For those of you who are new to my blog, that’s me in the turquoise scarf. And here are three other members of the Ten for Congo team who participated in our first team meeting via conference call.

Belinda Bauman is a teacher and advocate, speaker and writer, wife and mother, and a former gymnast who is currently training for a half-marathon. I met Belinda this year at The Justice Conference, where I was assigned to interview her husband, Stephan, the president and CEO of World Relief. I was extremely impressed with Stephan—but I fell in love with Belinda. Committed to bringing light to the dark corners of our world, Belinda is currently writing a series of children’s books on justice. (Tragically, Stephan’s sister died suddenly this week, leaving a husband, two young children, and a shocked and grieving extended family. Please pray for Belinda as she navigates her own grief, gives of herself to family members, and prepares for Congo.) You can follow Belinda’s journey on her blog: www.belindabauman.com, Facebook: http://www.facebook.com/belindajbauman, or  Twitter: http://www.twitter.com/belindajbauman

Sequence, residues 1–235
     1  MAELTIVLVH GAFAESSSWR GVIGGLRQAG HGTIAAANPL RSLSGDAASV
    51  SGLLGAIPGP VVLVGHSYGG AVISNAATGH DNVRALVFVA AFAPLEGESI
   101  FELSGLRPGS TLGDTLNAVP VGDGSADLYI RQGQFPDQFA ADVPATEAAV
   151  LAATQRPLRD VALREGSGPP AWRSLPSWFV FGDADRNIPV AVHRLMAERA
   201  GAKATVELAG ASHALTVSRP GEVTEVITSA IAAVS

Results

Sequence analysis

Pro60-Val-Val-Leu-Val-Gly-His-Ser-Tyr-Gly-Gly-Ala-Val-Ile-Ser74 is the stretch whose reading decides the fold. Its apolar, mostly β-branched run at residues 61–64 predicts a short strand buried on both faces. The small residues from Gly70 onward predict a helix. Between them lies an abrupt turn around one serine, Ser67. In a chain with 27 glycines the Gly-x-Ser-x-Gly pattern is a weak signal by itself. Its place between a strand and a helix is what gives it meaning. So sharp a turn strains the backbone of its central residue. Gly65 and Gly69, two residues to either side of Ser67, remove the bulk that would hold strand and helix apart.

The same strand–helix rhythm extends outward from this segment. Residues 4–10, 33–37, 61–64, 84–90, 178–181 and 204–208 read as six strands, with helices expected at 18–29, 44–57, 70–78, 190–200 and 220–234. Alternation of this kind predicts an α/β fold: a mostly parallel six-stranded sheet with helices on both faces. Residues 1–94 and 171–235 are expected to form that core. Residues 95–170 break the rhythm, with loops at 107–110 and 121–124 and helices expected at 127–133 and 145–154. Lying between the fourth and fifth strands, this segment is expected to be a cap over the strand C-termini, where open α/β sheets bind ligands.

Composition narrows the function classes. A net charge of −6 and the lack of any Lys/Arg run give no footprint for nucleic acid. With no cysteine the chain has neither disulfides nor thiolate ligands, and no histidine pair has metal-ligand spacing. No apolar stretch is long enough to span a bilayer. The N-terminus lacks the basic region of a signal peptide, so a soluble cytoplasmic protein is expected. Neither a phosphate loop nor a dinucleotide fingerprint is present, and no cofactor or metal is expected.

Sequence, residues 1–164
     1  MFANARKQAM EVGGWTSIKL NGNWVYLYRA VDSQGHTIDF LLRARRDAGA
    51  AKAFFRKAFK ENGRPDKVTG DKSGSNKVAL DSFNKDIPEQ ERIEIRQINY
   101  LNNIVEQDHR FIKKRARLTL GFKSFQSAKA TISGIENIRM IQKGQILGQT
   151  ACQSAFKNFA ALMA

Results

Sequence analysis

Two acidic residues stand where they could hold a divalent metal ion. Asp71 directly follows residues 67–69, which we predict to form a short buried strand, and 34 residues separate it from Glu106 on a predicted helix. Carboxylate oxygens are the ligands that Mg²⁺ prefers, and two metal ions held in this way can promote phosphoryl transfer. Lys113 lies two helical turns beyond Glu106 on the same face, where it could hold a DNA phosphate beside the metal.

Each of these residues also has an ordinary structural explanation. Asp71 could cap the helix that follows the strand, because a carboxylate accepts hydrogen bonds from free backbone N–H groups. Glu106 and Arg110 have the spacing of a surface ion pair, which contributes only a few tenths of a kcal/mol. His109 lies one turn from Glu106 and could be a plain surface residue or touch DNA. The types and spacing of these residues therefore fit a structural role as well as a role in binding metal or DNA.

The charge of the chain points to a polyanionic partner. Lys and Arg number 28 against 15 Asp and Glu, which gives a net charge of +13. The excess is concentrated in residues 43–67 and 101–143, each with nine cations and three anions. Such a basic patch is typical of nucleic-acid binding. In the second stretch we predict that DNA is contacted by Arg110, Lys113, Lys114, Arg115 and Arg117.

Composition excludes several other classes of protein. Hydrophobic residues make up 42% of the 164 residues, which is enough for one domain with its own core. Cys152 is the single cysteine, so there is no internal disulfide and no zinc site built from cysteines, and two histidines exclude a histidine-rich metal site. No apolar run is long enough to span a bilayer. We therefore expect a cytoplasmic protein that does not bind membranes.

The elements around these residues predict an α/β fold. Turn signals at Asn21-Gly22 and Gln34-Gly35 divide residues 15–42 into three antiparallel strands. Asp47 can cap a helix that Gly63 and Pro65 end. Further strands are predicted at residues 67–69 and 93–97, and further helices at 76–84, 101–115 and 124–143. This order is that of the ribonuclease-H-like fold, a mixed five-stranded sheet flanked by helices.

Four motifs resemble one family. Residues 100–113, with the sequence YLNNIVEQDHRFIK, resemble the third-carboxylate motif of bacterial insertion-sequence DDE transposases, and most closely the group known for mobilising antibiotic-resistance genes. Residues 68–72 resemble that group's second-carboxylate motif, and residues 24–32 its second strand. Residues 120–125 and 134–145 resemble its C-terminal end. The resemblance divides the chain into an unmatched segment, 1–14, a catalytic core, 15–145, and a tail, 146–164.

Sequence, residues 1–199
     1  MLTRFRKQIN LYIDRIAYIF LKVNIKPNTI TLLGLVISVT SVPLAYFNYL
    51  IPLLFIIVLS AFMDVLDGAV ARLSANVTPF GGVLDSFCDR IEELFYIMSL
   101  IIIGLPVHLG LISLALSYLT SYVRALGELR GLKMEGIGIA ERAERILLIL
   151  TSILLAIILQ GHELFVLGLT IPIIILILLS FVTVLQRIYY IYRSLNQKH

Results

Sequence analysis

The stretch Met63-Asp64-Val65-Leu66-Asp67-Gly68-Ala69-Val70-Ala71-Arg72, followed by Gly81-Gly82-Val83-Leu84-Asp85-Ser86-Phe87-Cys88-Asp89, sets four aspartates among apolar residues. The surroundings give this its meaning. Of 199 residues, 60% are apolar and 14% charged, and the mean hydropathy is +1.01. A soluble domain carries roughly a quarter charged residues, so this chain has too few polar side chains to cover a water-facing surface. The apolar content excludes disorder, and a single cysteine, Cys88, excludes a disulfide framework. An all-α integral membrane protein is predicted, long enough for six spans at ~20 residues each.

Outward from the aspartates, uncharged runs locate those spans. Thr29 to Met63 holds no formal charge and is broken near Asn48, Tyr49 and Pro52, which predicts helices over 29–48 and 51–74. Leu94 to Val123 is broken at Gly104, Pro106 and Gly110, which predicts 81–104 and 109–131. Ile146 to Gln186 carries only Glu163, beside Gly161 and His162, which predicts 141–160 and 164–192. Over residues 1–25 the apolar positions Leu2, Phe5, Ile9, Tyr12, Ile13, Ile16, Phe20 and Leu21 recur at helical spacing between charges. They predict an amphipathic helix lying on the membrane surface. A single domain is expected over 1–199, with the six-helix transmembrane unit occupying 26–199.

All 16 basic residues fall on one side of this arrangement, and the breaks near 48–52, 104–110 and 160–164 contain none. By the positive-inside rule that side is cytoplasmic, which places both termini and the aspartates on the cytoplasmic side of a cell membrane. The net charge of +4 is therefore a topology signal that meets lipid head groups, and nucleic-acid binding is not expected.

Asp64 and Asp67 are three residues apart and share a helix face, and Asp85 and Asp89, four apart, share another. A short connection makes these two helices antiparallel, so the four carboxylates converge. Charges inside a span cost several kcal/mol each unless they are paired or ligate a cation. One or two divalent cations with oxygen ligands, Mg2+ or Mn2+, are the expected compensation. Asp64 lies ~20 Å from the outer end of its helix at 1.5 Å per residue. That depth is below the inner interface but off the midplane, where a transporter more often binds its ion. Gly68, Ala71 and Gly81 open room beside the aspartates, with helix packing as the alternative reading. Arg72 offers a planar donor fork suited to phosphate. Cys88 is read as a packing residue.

I met Erin Lytle in February 2011 at The Justice Conference in Bend, Oregon. As the director of the conference, Erin planned an event that drew 600 people—including me—to the middle of nowhere to be challenged to fight injustice in the name of Jesus. The second annual Justice Conference moved to Portland, Oregon, and drew 4,000 people! As the only full-time staff member, Erin leads an extraordinarily committed and creative team of volunteers to produce one of the premier conferences (in my opinion!) in the world. In 2013, The Justice Conference moves to Philadelphia and you should put it on your calendar now! In her “previous life,” Erin played tour volleyball in Europe and directed events and marketing at high-end golf communities. I’m so glad a major life change brought her to The Justice Conference—and now to the Congo. Erin will be spreading news about the Congo at http://www.facebook.com/elytle3.